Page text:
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The Gettysburg Address

Curious about the NCTE and Library of Congress connection? Through a grant announced recently by NCTE Executive Director Emily Kirkpatrick, NCTE is engaged in new ongoing work with the Library of Congress, and “will connect the ELA community with the Library of Congress to expand the use of primary sources in teaching.” Stay tuned for more throughout the year!

 

On November 19, 1863, Abraham Lincoln delivered the Gettysburg Address.

Invited to speak at the consecration of a memorial honoring the dead at Gettysburg, Abraham Lincoln delivered one of the most well-known speeches in American history. While the speech is extremely short—just 267 words—Lincoln used the opportunity both to honor the sacrifice of the soldiers and to remind American citizens of the necessity of continuing to fight the Civil War. The Gettysburg Address stands as a masterpiece of persuasive rhetoric.

Thanks to the Library of Congress, there are many primary sources available related to the Gettysburg Address.

Judge David Wills is the one who invited Abraham Lincoln to participate in the dedication of the Soldiers’ National Cemetery at Gettysburg. This letter from the Judge is the official invitation to the president.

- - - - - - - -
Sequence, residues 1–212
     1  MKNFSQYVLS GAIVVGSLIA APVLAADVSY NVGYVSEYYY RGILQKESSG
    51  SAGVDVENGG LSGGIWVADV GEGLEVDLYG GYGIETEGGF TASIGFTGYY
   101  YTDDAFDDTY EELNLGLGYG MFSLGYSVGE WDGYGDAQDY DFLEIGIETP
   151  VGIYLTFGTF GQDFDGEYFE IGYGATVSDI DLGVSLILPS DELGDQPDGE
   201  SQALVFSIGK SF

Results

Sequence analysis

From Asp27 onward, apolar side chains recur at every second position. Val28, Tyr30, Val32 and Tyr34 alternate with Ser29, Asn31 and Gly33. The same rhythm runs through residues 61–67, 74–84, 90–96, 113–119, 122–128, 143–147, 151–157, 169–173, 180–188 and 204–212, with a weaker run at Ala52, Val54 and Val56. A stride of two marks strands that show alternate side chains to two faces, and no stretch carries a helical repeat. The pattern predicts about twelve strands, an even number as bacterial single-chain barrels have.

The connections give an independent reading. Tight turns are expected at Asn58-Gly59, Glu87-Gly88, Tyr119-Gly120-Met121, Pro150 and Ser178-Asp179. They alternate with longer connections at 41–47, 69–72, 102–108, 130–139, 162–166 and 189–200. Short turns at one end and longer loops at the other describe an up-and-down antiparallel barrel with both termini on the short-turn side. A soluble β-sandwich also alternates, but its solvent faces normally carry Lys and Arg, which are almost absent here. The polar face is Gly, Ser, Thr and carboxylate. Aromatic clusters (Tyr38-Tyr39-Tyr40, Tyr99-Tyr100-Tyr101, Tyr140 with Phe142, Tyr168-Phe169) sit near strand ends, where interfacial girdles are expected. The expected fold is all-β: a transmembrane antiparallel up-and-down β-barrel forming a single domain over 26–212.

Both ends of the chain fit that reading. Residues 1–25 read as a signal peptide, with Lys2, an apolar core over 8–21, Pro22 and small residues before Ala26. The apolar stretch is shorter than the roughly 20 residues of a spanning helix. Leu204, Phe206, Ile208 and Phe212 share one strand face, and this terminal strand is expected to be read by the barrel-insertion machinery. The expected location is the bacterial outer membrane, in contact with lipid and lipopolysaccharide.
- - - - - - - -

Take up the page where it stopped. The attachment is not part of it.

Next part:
There is a photograph from Gettysburg on that November day in 1863! Lincoln is pictured in the center of the platform, hatless with his bodyguard, Ward Lamon, and Governor Andrew Curtin of Pennsylvania. Lincoln’s private secretaries, John Hay and John Nicolay, orator Edward Everett, and Gettysburg attorney and organizer David Wills may be among those near the president.

There are five known drafts of the Gettysburg Address. Invite students to examine the differences between these versions and what Lincoln delivered.

While younger students may find the text of this speech too advanced, they can certainly begin the process of identifying the purpose, structure, and means of persuasive speech and writing.

Learn more with these additional resources on the Gettysburg Address.